Absurdly Driven looks at the world of business with a skeptical eye and a firmly rooted tongue in cheek. 

You know what happened, don't you, on flight 1284 from Houston to LaGuardia on Monday evening?

A United Airlines Flight Attendant insisted a passenger's carrier be put in the overhead bin.

The carrier had a dog inside.

The dog barked. Then the dog died.

How could this have occurred? 

United is now offering explanations.

It says that yes, the passenger told the Flight Attendant that there was a dog inside the carrier.

However, as CNBC reports, United says the Flight Attendant didn't hear or understand. 

"Our flight attendant did not hear or understand her, and did not knowingly place the dog in the overhead bin," says the airline.

So the carrier ended up in the overhead bin.

The cause of death isn't yet known. 

However, United continues to call it a "tragic accident," for which it takes "full responsibility."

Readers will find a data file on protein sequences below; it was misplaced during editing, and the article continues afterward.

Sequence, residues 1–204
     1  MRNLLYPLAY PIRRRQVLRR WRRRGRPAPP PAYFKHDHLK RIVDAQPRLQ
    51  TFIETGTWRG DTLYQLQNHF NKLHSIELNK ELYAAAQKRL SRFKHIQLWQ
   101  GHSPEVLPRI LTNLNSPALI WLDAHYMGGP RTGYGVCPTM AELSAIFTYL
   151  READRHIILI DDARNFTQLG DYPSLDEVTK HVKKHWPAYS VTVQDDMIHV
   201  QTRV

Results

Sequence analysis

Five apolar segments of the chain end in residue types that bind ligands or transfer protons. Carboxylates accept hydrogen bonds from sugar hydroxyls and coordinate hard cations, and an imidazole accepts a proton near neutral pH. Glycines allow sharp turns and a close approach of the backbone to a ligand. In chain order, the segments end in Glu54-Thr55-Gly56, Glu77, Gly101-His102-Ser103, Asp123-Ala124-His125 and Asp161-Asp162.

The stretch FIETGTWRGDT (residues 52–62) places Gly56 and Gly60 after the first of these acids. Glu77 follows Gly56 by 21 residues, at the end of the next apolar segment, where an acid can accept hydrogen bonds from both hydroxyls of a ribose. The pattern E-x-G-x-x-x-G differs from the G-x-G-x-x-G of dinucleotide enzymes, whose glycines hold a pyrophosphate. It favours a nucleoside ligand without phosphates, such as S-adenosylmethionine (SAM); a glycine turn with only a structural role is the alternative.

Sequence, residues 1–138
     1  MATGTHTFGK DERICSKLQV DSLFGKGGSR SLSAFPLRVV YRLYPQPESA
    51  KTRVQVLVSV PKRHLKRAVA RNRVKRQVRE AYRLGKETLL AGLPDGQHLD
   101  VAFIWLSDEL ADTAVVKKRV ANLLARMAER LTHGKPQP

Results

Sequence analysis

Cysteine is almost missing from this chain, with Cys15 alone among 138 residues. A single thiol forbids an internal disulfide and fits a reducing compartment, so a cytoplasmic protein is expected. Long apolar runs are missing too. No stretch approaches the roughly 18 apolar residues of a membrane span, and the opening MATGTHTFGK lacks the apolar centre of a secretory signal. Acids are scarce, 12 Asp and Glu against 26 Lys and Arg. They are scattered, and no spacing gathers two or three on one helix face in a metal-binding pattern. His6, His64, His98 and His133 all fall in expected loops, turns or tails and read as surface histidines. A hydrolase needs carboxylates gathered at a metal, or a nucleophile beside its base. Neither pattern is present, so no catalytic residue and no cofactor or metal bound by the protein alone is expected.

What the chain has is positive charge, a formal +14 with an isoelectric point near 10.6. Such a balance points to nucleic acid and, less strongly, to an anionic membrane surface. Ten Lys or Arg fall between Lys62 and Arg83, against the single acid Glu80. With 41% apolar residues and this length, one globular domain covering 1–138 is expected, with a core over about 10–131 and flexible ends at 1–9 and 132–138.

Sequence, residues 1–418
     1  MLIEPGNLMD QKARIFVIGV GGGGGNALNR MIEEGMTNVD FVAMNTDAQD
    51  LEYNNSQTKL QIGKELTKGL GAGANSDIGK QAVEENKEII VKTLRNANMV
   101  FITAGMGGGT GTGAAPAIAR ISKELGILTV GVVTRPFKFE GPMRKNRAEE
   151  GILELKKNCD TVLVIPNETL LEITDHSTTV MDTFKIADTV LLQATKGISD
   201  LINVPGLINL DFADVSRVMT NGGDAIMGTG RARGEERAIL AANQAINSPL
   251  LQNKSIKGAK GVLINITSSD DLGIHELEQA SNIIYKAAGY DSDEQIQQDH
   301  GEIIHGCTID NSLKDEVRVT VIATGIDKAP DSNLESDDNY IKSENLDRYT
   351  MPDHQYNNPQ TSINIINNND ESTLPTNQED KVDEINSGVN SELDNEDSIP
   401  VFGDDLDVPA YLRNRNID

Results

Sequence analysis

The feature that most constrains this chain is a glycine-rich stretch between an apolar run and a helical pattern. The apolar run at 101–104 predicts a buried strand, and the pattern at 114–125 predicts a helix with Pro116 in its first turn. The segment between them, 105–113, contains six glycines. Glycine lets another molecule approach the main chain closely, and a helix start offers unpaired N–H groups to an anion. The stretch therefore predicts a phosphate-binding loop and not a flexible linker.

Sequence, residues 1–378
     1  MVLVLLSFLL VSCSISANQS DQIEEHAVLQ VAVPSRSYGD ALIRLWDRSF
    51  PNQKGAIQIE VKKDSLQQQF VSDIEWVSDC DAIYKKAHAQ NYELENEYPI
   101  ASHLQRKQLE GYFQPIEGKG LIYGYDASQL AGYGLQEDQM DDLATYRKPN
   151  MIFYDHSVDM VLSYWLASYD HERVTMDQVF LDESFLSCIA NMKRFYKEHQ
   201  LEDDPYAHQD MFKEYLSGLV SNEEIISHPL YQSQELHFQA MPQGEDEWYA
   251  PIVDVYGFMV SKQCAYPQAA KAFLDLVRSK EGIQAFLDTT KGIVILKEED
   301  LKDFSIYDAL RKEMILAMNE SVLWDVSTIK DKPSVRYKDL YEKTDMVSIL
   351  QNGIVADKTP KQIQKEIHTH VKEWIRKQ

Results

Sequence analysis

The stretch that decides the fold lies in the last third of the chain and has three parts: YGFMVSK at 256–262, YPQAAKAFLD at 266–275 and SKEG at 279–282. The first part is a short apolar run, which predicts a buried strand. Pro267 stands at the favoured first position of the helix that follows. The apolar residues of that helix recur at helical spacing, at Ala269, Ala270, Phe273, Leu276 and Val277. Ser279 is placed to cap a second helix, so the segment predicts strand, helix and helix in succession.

I fear that the dog owners might get themselves legal representation that will define the fullness.

Still, the airline has made a suggestion about how to prevent something like this happening again.

Brightly-colored bag tags.

It says that it will begin issuing these in April, so that Flight Attendants know for sure that there's a dog in the carrier and that they shouldn't become frustrated and put that carrier in the overhead bin.

I worry.

How often have you been given a paper tag for your carry-on and discovered soon after that it isn't there anymore?

How reliable can adding a tag actually be?

If the "tragic accident" happened as United says, wouldn't the barking from the overhead bin have alerted someone? Anyone? Especially a Flight Attendant.

Wouldn't that have given a clue as to the fact that the dog might be in distress? Or, indeed, to the fact that there was a dog in the overhead bin?

It seems likely here that the passenger -- as so many are now conditioned to -- followed the Flight Attendant's instructions, no arguments welcomed.

Perhaps what happened is a rare occurrence. Much more rare, it seems, than sending dogs to the wrong cities.

But here we have an airline taking "full responsibility," yet insisting it wasn't the Flight Attendant's fault.

I fear, if such a terrible thing did happen again, we'll be debating whether the brightly-colored tag was on the correct side of the bag.